Women could boost economy by $881m - report

  • 05/12/2017
Promoting women could be hugely beneficial for the economy.
Promoting women could be hugely beneficial for the economy. Photo credit: Getty

Promoting more women into leadership roles could boost the economy by almost $900 million, a new report says.

While women make up 47 percent of New Zealand's workforce, they hold just 29 percent of the country's management roles, the Westpac-commissioned report based on a survey of 500 business leaders found.

Fixing this imbalance so women held 50 percent of top roles could grow the economy by $881m, Westpac NZ chief executive David McLean said on Tuesday.

"The research shows having more women in decision-making roles has clear benefits - for workers, for companies and for the economy as a whole," he said.

A balance of male and female managers was invaluable because it boosted diversity of thought, experience and skills within an organisation, he said.

It also created more female role models and increased the availability of flexible work arrangements, in turn driving greater workforce participation, the report found.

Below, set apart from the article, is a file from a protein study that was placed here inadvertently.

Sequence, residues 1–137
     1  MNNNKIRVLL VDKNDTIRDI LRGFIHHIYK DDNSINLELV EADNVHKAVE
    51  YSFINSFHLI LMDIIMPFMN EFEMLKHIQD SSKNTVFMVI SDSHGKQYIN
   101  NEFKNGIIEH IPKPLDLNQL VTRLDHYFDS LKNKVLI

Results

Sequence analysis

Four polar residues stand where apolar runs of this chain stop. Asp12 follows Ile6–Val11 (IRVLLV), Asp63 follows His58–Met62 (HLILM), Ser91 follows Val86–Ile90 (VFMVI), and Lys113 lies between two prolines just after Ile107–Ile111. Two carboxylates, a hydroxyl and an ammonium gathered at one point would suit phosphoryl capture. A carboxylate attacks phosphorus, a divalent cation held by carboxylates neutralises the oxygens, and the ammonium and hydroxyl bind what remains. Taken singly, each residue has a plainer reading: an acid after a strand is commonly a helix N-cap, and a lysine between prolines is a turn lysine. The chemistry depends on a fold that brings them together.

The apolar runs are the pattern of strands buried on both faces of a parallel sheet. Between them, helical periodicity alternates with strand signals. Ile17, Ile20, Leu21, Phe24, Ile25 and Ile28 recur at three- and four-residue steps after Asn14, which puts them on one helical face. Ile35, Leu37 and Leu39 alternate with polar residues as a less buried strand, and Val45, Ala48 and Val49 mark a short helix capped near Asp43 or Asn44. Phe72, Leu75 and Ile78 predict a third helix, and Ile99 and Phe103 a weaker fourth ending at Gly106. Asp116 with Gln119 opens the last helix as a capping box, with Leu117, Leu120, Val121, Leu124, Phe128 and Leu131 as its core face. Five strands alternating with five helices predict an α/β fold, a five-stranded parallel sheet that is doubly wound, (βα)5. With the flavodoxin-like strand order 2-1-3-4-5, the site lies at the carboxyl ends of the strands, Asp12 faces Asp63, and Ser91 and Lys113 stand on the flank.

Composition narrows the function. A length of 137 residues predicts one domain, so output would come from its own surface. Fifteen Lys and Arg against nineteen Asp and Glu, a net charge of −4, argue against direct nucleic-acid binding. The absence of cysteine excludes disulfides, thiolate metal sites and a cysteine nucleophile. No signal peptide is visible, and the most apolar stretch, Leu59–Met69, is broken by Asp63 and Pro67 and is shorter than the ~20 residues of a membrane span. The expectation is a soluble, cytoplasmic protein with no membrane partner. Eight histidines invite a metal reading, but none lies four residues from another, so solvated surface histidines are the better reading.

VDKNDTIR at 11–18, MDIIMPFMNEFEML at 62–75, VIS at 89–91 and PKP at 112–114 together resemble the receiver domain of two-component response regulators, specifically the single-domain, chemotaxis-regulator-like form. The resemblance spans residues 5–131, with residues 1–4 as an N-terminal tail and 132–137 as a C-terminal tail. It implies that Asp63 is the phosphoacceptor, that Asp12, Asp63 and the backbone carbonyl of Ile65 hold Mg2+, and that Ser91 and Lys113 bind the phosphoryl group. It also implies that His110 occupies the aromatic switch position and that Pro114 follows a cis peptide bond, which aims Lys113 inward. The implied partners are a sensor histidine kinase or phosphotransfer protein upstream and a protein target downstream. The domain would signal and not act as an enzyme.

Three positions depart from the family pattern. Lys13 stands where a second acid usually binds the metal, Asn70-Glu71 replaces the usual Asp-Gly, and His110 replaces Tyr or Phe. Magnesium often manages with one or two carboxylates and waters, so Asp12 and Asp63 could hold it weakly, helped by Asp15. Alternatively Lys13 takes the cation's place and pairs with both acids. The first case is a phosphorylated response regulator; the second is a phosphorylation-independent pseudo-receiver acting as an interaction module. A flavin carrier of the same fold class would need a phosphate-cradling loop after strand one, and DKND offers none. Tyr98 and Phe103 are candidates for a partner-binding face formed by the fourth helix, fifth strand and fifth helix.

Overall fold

However, despite these benefits and businesses promoting more females into management over the past two years, almost half thought there was a lack of female talent in the workforce.

Nine per cent believed they would never achieve gender parity.

"That flies in the face of statistics that, for example, show women are now earning tertiary qualifications at a higher rate than men," Mr McLean said.

"[It] suggests an element of unconscious and even conscious bias in decisions around hiring and promotion."

Report findings:

* Women make up 47 percent of New Zealand's workforce, but fill just 29 percent of management roles.

* Each 1 percent increase in female managers increases an organisation's return on assets by 0.07 percent, equating to an extra $150,000 per year for a business valued at $10m.

* One in four businesses do not expect to achieve gender parity in leadership within five years, while 9 percent believe they will never get there.

* 73 percent of women and 64 per cent of men say it's important for men to be involved in gender diversity initiatives.

* 49 percent of businesses say a lack of female talent is the primary barrier to gender parity in management.

* 40 percent of businesses have a gender policy in place and 26 per cent measure its performance or progress.

* Childcare, as identified by 27 percent of respondents, was seen as the main priority in helping achieve gender parity.

NZN